Objectives To further evaluate the association of styrene, fibreglass, and wood dust exposure with non-malignant diseases, we extended follow-up through 2008 for 5203 workers exposed to styrene, fibreglass, and wood dust between 1959 and 1978 at two boat building plants.
Method We used a person-years analysis program, LTAS.NET to compute standardised mortality ratios (SMRs) using Washington State and U.S. rates, standardised rate ratios (SRRs), and 95% confidence intervals. SMRs were stratified by exposure category (low or high) and duration of employment category (≤ 1 year, 1+ years).
Results Overall, 1206 nonmalignant deaths occurred (WA SMR 1.14, CI 1.08–1.21), with excess mortality for chronic obstructive pulmonary disease (COPD) overall (n = 112, WA SMR 1.61, CI 1.32–1.93), and among 2063 workers highly exposed to styrene and fibreglass (n = 39, WA SMR 2.37, CI 1.69–3.25). Results were similar using U.S. mortality rates. Workers employed for less than one year had statistically significant increased mortality from several lifestyle-related outcomes (alcoholism, ischaemic heart disease, cirrhosis, accidental poisoning and homicide).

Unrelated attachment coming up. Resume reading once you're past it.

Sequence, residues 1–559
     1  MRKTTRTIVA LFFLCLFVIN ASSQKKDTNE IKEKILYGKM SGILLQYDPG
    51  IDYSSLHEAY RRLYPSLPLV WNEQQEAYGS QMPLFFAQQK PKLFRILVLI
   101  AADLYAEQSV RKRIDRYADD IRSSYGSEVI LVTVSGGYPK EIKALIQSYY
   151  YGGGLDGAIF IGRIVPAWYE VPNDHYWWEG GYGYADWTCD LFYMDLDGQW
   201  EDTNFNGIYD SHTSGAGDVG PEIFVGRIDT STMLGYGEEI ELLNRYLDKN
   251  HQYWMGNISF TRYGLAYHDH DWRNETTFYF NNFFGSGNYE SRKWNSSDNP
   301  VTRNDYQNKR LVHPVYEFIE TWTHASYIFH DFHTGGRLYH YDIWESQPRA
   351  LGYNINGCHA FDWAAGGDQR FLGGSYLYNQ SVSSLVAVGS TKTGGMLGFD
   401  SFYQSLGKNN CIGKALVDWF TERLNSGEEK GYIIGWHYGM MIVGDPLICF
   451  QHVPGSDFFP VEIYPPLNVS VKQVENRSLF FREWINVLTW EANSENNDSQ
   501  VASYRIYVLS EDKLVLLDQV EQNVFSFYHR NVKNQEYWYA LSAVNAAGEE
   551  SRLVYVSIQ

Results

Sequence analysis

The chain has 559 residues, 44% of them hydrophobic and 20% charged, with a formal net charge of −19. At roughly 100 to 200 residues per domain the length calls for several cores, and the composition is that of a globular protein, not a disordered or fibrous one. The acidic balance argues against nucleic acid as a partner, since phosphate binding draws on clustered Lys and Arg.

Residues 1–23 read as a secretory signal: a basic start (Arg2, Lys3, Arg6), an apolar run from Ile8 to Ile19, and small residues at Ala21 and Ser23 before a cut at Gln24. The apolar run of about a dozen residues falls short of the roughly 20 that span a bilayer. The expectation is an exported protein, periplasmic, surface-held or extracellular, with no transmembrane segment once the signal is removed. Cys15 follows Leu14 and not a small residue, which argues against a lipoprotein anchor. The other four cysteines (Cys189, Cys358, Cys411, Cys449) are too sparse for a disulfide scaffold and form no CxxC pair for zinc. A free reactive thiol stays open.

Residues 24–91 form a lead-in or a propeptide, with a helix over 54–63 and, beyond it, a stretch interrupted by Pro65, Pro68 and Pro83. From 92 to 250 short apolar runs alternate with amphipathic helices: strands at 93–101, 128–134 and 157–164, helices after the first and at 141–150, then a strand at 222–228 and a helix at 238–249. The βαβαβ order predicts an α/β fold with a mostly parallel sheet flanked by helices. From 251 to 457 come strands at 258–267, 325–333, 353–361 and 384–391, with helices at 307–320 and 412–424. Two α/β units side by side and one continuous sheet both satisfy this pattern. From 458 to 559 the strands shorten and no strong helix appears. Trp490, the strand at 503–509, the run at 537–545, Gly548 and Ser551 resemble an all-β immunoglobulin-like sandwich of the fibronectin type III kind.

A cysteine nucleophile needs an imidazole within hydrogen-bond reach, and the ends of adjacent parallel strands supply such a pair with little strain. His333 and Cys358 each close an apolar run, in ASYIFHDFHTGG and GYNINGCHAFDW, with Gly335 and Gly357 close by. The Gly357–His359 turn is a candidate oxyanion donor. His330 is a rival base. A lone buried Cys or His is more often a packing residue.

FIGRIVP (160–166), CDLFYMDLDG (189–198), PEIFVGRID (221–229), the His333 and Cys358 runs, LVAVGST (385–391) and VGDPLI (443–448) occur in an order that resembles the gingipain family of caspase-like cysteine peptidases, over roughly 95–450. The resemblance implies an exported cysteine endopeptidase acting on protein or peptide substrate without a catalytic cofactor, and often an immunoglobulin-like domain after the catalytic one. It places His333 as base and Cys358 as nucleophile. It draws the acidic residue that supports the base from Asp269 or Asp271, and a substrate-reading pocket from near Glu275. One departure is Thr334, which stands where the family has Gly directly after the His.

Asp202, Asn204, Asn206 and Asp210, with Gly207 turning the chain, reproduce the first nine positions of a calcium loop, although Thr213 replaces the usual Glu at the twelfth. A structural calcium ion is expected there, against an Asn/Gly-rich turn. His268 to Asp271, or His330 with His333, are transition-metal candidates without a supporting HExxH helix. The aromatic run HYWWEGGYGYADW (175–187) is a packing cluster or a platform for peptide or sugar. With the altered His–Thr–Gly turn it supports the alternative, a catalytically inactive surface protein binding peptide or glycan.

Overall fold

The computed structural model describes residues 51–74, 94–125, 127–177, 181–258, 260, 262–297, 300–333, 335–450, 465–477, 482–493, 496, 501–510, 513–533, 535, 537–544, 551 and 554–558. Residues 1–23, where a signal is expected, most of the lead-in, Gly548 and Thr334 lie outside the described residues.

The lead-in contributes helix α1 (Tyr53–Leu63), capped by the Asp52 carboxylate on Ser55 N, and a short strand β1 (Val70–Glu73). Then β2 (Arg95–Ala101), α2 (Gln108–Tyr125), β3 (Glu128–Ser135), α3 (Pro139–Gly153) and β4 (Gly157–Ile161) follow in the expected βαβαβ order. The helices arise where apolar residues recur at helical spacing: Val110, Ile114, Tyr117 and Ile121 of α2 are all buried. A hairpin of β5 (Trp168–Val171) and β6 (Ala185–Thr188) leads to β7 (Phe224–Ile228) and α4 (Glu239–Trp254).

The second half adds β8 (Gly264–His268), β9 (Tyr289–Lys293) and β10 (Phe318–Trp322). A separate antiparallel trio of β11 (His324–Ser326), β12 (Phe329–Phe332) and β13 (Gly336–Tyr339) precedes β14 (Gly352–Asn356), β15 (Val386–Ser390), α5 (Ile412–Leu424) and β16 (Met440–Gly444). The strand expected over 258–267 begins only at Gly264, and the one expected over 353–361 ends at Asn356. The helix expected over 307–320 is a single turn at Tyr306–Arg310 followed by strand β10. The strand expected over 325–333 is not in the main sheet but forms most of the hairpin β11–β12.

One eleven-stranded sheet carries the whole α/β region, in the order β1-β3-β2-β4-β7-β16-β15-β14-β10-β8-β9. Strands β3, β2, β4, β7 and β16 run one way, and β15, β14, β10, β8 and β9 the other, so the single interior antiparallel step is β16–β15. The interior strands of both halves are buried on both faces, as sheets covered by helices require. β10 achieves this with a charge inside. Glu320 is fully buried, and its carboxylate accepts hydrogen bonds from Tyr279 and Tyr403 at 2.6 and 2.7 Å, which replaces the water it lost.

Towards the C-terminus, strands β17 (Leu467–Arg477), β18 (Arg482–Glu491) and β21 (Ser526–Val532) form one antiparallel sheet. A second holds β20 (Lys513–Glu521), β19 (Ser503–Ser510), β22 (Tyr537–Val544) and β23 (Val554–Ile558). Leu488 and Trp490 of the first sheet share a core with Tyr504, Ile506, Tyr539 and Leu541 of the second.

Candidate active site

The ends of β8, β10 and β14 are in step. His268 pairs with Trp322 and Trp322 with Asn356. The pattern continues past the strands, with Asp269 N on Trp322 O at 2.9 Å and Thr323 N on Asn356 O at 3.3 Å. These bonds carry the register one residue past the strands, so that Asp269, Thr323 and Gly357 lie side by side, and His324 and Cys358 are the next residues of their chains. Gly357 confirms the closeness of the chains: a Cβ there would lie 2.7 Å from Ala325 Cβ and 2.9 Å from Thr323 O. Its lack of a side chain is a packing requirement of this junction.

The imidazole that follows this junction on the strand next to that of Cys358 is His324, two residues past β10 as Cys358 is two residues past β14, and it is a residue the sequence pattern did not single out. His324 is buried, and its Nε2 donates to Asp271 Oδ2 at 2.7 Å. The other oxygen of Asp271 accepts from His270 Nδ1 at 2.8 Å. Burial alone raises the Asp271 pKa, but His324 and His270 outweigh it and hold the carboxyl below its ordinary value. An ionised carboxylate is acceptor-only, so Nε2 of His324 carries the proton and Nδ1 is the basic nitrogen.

Conclusions The excess COPD mortality in this cohort is difficult to interpret. Recent reports associate styrene/fibreglass reinforced plastic manufacturing with another respiratory disease - bronchiolitis obliterans. Based on a review of COPD death certificates, bronchiolitis obliterans does not appear to be a contributing factor for excess COPD mortality. The COPD excess in this study points to a need for an in-depth investigation of respiratory disease and occupational styrene exposure. Short term worker results are consistent with other occupational cohort studies.
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